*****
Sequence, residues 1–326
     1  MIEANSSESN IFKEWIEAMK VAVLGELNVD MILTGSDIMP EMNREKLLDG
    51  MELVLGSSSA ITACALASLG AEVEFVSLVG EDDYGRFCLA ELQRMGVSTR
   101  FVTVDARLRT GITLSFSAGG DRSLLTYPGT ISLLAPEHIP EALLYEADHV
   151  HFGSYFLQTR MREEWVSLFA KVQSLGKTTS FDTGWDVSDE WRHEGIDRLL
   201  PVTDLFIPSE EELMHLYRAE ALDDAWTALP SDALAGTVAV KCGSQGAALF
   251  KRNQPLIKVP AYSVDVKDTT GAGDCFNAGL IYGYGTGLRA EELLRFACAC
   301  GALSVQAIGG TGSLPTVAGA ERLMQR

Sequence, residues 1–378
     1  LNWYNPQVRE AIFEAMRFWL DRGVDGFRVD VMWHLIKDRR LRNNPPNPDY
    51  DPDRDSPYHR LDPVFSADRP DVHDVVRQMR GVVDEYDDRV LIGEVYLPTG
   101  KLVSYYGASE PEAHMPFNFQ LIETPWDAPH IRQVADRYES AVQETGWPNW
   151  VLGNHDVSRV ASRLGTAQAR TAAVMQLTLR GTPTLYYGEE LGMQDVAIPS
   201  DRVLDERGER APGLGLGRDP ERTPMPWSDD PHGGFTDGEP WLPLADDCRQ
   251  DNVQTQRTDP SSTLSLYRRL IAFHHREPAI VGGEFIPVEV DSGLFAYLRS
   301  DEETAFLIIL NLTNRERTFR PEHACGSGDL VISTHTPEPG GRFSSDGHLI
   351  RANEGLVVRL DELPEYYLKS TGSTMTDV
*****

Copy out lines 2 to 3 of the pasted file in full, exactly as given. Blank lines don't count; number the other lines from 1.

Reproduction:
     1  MIEANSSESN IFKEWIEAMK VAVLGELNVD MILTGSDIMP EMNREKLLDG
    51  MELVLGSSSA ITACALASLG AEVEFVSLVG EDDYGRFCLA ELQRMGVSTR